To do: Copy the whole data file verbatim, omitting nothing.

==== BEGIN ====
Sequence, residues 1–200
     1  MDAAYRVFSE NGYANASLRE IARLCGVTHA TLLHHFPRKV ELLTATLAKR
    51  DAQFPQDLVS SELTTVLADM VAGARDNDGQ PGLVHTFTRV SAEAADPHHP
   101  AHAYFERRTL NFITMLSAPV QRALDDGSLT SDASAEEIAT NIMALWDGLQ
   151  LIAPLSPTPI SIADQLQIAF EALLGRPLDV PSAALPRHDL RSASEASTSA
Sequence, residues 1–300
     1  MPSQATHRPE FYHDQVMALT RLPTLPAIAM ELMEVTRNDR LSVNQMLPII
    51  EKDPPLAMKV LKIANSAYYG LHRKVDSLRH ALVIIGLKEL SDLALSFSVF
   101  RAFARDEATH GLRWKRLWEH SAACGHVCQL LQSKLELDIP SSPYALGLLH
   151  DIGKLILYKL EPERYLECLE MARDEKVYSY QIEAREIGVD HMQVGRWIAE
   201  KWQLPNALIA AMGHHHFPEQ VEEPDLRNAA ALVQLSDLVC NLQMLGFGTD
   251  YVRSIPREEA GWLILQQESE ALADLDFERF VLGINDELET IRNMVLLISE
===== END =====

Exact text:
Sequence, residues 1–200
     1  MDAAYRVFSE NGYANASLRE IARLCGVTHA TLLHHFPRKV ELLTATLAKR
    51  DAQFPQDLVS SELTTVLADM VAGARDNDGQ PGLVHTFTRV SAEAADPHHP
   101  AHAYFERRTL NFITMLSAPV QRALDDGSLT SDASAEEIAT NIMALWDGLQ
   151  LIAPLSPTPI SIADQLQIAF EALLGRPLDV PSAALPRHDL RSASEASTSA
Sequence, residues 1–300
     1  MPSQATHRPE FYHDQVMALT RLPTLPAIAM ELMEVTRNDR LSVNQMLPII
    51  EKDPPLAMKV LKIANSAYYG LHRKVDSLRH ALVIIGLKEL SDLALSFSVF
   101  RAFARDEATH GLRWKRLWEH SAACGHVCQL LQSKLELDIP SSPYALGLLH
   151  DIGKLILYKL EPERYLECLE MARDEKVYSY QIEAREIGVD HMQVGRWIAE
   201  KWQLPNALIA AMGHHHFPEQ VEEPDLRNAA ALVQLSDLVC NLQMLGFGTD
   251  YVRSIPREEA GWLILQQESE ALADLDFERF VLGINDELET IRNMVLLISE